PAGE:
Q. Help! I painted the walls in my house recently. Now I notice paint marks on my newly refinished floors. Is there a way to remove the marks without damaging the floors?


A. If you notice paint spatters within the first day, you can usually scrape them off with a fingernail or wipe them up with a damp rag. After that, the paint drips dry more thoroughly and are harder to remove. But for the next two weeks or so, you can usually still rub the spatters off using nothing more than a little water on a rag.

After that, your options are a razor blade, held almost flat to the floor, or solvents. Because there are so many different floor finishes, test in a small, out-of-the-way place to make sure the treatment doesn’t alter the sheen of the floor. If you wound up with a bunch of dull spots where you rubbed on solvent, they could be even more noticeable than the spatters. To check whether the reflection of the light changes, shine a light at an angle on the test area.


Beyond water, the mildest solvents that sometimes remove dried latex paint are ammonia (diluted in water) and alcohol, either the denatured type, which is sold as a solvent in paint stores, or rubbing alcohol, which is available at pharmacies. There are also commercial products sold specifically to lift paint spatters, including Goof Off Professional, Oops! Remover, Lift Off #5 Latex Based Paint Remover, and Krud Kutter Tough Task Citrus Remover. Some professional painters get good results with hand sanitizer, probably because of the alcohol it contains.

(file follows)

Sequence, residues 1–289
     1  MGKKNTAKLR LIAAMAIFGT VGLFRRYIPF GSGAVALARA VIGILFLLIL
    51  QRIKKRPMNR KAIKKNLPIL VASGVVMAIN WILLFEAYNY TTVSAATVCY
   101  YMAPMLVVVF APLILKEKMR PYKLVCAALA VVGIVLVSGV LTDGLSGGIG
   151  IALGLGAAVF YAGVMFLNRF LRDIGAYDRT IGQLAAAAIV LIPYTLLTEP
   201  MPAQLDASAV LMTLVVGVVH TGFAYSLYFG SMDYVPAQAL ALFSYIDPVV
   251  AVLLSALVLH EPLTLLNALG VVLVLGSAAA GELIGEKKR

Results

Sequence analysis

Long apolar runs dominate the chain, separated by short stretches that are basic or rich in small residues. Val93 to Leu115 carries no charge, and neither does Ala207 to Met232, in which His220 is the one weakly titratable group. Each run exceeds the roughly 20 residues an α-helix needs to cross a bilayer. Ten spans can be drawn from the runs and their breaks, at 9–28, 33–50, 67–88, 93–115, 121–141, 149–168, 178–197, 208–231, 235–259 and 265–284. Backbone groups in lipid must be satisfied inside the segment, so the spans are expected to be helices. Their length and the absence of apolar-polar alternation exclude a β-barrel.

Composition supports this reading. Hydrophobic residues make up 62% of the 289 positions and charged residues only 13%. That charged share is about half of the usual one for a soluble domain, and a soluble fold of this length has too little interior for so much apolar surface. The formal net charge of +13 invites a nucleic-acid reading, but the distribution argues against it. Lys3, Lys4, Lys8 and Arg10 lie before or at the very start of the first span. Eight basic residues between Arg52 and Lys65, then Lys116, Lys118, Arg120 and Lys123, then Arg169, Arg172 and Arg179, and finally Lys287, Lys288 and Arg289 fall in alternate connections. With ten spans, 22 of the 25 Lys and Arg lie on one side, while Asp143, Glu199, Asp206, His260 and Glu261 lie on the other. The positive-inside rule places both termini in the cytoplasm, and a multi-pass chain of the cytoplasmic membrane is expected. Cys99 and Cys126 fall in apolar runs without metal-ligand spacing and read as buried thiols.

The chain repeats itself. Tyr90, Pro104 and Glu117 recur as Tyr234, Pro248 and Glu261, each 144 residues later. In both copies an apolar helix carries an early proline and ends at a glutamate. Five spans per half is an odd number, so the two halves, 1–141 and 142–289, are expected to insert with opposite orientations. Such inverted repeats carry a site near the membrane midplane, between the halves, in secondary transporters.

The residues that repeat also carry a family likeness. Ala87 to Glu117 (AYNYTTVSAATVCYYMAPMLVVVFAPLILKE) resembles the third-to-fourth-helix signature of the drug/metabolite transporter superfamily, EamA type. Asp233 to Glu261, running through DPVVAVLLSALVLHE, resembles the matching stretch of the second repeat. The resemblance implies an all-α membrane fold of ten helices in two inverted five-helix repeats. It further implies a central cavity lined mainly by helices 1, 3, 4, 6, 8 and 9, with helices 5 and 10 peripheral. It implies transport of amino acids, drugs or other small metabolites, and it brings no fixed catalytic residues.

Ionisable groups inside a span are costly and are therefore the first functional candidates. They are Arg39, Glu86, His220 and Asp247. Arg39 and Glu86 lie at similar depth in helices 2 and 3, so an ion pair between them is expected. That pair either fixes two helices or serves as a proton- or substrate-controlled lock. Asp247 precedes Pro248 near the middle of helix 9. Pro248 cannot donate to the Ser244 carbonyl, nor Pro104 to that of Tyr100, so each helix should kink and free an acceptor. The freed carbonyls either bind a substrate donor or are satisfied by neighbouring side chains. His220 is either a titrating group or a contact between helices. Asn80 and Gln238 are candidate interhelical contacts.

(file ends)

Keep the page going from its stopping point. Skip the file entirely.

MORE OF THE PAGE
With any of these products, try rubbing on the solvent with a soft cotton rag — in a test area first, of course. If that doesn’t work, use the kind of scrub pad recommended for nonstick pots and pans. Be sure to follow safety precautions on the label, as some spatter-removers contain highly toxic solvents.

Q. I have string vertical grasscloth wallpaper in my house that has started to come loose from the wall where the seams meet. Even though the wallpaper is old, I’d like to keep it. What is the best way to reattach it to the walls? Do I need a professional to do this?

Oak Hill

A. String vertical grasscloth was popular in the 1970s and is making a comeback as styles from that era come back in vogue. So you’re smart to repair the seams and keep on enjoying the vintage look.

You can reglue the seams yourself, using either seam-repair adhesive, which comes in a tube, or wallpaper adhesive paste, sold in a quart-size tub. Either way, be sure the label says the adhesive dries clear. Some other wallcovering adhesives have a beige color that might bleed through the grasscloth and be visible after the repair.

If you buy clear adhesive in a tube, just use the tip to squirt a thin line of adhesive under loose seams. Pat the seams down, then wipe away any excess adhesive with a slightly damp sponge. It’s important to avoid introducing too much water or smearing adhesive on the front of the grasscloth.

If you buy paste adhesive in a tub, also pick up a syringe, which some hardware stores carry for projects just like yours. Or you can get a syringe from a pet store or a kitchen-supply company. Use the syringe as a precision application tool to get a small amount of adhesive under loose edges.

Have a problem in your home? Send questions to localliving@washpost.com . Put “How To” in the subject line, tell us where you live and try to include a photo.

The Checklist: Read Jeanne Huber’s roundup of home-improvement tasks you should tackle in December, such as disconnecting hoses, at washingtonpost.com/home.